Summary Essay Example
Summary of chapter 4, The thinking hand, by Juhani Pallasmaa:
This paper summarises the 4th chapter of The thinking hand, titled The drawing hand. The paper also includes an image to synthesise the contents of the chapter.
In this chapter, the author makes two very strong statements; hands have eyes and that eyes have hands when it comes to drawing. The author says this is explained by the fact that a person can draw an object by touching it only. While the hand can only feel texture and structure, the stimuli enables the mind to conceive an image of the said object. Alternatively, the eye can act as a hand by ‘feeling’ an object by looking at it from a distance.
Another important concept that Pallasmaa brings out in this chapter is that portraiture takes place ‘live’ and in real time. By this, the author implies that the draughtsman has no preconceived ideas about the portrait but rather experiences and puts down the ideas on paper as he perceives them in what he calls successive perception. This successive perception is transferred from vision into sketches that also capture the draughtsman’s persona. Therefore, the act of drawing facilitates interaction of perception, memory and one’s sense of life. The same concept of successive perception applies in writing and poetry and other forms of free writing.
The author also discusses photography and the use of computers in drawing. The author notes that photography, same way as computer aided drawing, does not bring out the personal touch of the draughtsman. He notes that drawing by hand captures not only the personal touch but also the emotions involved. For instance, hesitation, excitement and doubt can be observed in lines as opposed to the case of computerised drawing and photography. Some experts claim photography and computerised drawing as choke creativity in drawing. Again, computer drawings lack a tactile connection between hand and imagination.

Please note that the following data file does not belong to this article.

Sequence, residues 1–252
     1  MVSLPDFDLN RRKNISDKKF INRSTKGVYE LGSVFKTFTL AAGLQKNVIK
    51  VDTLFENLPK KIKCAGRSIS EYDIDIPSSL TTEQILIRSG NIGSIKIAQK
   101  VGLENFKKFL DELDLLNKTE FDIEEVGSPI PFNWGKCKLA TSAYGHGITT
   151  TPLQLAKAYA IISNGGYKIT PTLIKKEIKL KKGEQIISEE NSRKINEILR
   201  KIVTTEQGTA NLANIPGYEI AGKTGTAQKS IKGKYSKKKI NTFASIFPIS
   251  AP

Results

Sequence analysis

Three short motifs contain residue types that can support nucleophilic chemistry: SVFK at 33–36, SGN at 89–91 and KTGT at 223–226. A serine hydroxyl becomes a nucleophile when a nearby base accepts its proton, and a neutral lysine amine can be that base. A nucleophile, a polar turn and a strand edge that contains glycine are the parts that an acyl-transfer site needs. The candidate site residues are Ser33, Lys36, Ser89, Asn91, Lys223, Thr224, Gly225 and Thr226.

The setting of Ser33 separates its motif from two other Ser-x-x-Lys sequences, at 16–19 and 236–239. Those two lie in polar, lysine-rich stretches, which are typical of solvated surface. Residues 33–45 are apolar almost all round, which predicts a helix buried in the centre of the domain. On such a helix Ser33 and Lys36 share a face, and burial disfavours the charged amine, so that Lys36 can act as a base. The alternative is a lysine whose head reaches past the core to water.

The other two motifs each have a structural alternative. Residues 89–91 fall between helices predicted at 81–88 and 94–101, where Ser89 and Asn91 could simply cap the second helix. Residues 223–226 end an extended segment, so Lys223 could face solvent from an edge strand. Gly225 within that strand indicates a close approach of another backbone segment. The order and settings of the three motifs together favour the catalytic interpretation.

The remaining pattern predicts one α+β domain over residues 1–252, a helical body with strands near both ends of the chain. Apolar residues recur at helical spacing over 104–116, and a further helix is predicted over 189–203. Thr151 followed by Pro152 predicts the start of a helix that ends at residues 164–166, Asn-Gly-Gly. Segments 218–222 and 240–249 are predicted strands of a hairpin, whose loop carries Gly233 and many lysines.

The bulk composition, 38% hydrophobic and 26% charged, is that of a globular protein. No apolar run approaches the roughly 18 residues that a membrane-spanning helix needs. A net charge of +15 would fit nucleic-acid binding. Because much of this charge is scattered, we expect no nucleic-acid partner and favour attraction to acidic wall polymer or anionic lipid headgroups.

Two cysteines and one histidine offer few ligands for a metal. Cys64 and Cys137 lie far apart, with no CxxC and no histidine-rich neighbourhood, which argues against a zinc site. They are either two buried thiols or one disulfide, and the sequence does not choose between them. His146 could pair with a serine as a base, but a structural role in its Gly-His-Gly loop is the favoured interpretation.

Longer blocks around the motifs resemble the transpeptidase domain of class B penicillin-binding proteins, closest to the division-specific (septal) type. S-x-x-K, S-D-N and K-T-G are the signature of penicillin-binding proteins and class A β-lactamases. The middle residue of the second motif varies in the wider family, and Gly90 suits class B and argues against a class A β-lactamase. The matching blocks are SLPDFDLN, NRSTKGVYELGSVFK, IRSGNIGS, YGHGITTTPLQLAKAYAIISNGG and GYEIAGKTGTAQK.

The image below is an example of a hand drawn sketch depicting a seemingly abandoned cabin in the woods that is in disrepair. It highlights some of the issues raised by Pallasmaa in this particular chapter.
The sketcher has matched the desolate house with a desolate environment. None of the trees in image appears lush and green. There are various shades, thickness of line and other aspects that capture emotion and persona and the sketcher. Such cannot be vividly expressed in a computer drawn image or a photograph.
Free image: Retrieved online on 18/08/2011 from
Pallasmaa, J. 2009. The thinking hand; existential and embodied wisdom in architecture. London: John Wiley & Sons.
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